Thursday, March 24, 2011

Payment for the Tolling

At or about the four mile mark of my five-mile run in the pre-dawn hours on Tuesday morning, it occurred to me. What has been obvious probably to all those around me finally dawned on me (lighting conditions then and there existing notwithstanding). While my life has been pockmarked by decisions made for my benefit and to the detriment or discomfort of others, the decision to run in a marathon has been the single-most selfish decision I have ever made. And I assure you, my list of contenders for the top spot is noteworthy both for its quality and for its quantity.

I know not how people I know and love, such as my sister Jill and my brother-in-law Russ, are able to do it. While I must confess that I do not know when Jill last ran a marathon, I believe that Russ runs in at least one or two a year. The training required for them is extraordinary. And while my knees are starting to creak a bit from the stress and strain of the training-related running, which for me anyway represents a significant uptick over the type of mileage I typically run in a week's time, it is not the physical toll that has been the source of the majority of the strain. Not at all. I have gotten to the point - having run a new personal best distance of 16 miles (actually 16.4 on the course I mapped out for myself) - of preparing myself physically and mentally to complete the race in less than four hours. This past Sunday, I covered the required mileage at the pace I intend to run on race day and at the end of the exercise, while tired I was not a limp rag or a shell of myself. I was tired but not wiped out. I could have run more. I have a handle on the internal mental and physical strains of the assignment.

What I failed to calculate - because I am at my core a shallow, superficial a##hole I suppose (stop nodding in agreement) - was the stress and strain that my commitment to this exercise would have on my household. I tend to not spend a tremendous amount of time at home to begin with - making the trek to work six mornings a week at 4:00 and commencing its homeward companion five nights a week at 6:00 or later (I do come home on Saturdays - and much earlier to boot). Since the first of the year, when I started adhering to my 16-week marathon training program, I spend a significant portion of the limited amount of time I spend at home engaged in training to run this race. This past Sunday, while I was very happy with the time I achieved in running sixteen miles, it must be noted that it still took me slightly less than two and one half hours to run that distance. This Sunday the distance increases slightly to seventeen miles. On April 10 I reach the outer limit of the distance that is part of this training program: twenty miles. If I run well, then I will spend roughly three hours running that day.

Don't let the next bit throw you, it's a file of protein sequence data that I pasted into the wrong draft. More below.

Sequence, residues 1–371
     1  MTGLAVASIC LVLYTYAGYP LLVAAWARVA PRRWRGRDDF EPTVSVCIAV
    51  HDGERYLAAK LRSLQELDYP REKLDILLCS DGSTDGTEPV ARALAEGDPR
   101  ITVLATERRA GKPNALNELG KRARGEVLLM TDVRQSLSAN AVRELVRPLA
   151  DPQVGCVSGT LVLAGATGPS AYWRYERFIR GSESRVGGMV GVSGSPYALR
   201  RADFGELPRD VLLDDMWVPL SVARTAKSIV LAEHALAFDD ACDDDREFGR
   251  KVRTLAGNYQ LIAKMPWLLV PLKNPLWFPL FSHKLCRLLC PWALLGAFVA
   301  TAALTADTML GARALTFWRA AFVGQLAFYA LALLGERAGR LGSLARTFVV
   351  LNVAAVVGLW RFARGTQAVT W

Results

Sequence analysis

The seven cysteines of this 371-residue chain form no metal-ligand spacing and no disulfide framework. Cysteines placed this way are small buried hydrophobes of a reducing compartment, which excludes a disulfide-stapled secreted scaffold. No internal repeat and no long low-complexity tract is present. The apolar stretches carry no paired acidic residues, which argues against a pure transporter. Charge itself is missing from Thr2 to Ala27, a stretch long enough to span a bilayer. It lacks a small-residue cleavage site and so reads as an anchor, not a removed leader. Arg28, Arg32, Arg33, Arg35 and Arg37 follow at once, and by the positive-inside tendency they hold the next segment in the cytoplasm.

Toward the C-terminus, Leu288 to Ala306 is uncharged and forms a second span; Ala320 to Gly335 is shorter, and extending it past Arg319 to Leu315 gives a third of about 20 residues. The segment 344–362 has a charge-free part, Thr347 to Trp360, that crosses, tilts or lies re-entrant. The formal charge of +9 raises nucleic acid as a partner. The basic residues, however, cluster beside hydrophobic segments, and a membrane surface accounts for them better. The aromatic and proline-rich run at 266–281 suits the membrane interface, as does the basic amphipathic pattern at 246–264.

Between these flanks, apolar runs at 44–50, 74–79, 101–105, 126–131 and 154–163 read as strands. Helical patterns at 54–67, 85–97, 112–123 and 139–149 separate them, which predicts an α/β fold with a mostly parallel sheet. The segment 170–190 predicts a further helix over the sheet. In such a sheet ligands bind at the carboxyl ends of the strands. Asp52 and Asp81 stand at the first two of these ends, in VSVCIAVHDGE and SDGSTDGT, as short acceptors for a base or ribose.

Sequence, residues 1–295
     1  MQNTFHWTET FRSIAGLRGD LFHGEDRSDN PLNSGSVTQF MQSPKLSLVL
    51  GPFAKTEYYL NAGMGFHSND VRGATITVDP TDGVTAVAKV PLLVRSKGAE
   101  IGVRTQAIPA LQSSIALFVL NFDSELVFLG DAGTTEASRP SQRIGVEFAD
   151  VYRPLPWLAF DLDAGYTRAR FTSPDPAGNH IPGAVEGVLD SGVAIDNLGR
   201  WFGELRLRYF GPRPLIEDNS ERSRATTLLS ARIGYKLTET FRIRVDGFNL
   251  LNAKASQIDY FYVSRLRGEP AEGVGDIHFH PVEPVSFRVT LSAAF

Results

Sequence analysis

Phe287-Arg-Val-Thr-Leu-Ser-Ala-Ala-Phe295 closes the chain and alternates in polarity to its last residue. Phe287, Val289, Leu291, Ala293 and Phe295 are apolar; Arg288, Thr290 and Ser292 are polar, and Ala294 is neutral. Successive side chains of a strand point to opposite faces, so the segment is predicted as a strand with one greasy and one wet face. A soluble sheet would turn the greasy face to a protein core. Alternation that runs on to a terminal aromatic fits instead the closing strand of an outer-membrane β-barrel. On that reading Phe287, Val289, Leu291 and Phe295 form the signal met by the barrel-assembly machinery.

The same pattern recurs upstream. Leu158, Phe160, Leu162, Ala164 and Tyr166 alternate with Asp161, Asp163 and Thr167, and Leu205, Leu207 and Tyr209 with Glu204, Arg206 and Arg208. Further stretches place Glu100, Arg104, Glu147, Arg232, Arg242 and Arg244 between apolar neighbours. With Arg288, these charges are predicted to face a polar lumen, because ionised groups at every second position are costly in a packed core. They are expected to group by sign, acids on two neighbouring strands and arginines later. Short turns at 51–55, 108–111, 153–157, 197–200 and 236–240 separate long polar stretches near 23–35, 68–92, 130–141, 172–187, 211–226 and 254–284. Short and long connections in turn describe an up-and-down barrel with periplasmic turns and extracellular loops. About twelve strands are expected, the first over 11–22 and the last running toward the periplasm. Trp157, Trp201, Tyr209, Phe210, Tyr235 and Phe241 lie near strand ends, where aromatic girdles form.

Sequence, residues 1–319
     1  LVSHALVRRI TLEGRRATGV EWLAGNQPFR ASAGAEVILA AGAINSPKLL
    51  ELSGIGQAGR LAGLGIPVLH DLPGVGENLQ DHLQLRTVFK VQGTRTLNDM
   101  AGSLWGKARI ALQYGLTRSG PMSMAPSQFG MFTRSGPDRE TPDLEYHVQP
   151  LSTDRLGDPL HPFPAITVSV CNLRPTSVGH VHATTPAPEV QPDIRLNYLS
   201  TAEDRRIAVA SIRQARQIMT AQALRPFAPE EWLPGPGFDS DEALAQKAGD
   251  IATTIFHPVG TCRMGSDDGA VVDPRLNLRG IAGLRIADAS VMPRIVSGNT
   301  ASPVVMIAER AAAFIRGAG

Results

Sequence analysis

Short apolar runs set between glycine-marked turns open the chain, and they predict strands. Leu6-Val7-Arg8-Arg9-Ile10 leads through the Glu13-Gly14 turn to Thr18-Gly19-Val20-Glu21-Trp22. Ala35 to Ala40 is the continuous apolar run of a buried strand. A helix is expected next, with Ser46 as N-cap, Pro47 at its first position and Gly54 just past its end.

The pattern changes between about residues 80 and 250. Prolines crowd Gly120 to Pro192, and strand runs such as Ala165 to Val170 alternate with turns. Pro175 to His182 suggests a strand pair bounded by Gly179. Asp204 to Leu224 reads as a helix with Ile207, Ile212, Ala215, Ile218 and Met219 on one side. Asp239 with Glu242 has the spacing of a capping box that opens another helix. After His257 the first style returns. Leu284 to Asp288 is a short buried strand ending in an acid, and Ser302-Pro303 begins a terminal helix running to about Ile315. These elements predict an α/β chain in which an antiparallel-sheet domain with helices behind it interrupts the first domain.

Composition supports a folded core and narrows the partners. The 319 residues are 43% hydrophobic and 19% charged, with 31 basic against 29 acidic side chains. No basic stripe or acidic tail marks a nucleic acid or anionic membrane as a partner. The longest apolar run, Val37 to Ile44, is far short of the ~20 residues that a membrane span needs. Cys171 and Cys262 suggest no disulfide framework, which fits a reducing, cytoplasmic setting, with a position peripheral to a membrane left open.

I have friends who have run in a marathon before who - when I tell them that this year's New Jersey Marathon is the only one I foresee myself running - tell me that I am crazy because the rush or the high associated with completing something as mentally and physically draining as a 26.2 mile run is tough to replicate in other endeavors, which means that upon completing a first one you crave the opportunity to run a second. Candidly, while I recognize the likelihood of experiencing that very experience firsthand, their observations on this issue miss the mark. For me, anyway. I will not do this again - not because of the race that awaits at the end of the training - but because the costs associated with preparation are steeper than I am willing to pay again. Everything comes at a cost. To do something, you usually forego doing something else. I know now what the cost of preparing properly to do this specific thing is. It is a cost I have little interest in incurring again.

Abraham Lincoln was not only significantly taller than I am but wiser as well. Thus, disagreement with Honest Abe does not come easy for me. On my desk I have one of his bon mots, "Always bear in mind that your own resolution to succeed is more important than any one thing." It is not a sentiment with which I take issue entirely - save for the fact that it reads a bit like an absolute - but it is certainly a piece of advice that (much like every other piece of advice) needs always to be placed in context.

Or perhaps it needs simply to be placed in juxtaposition. "No man is an island entire of itself; every man is a piece of the continent; a part of the main"....

....and therefore never send to know for whom the bell tolls.


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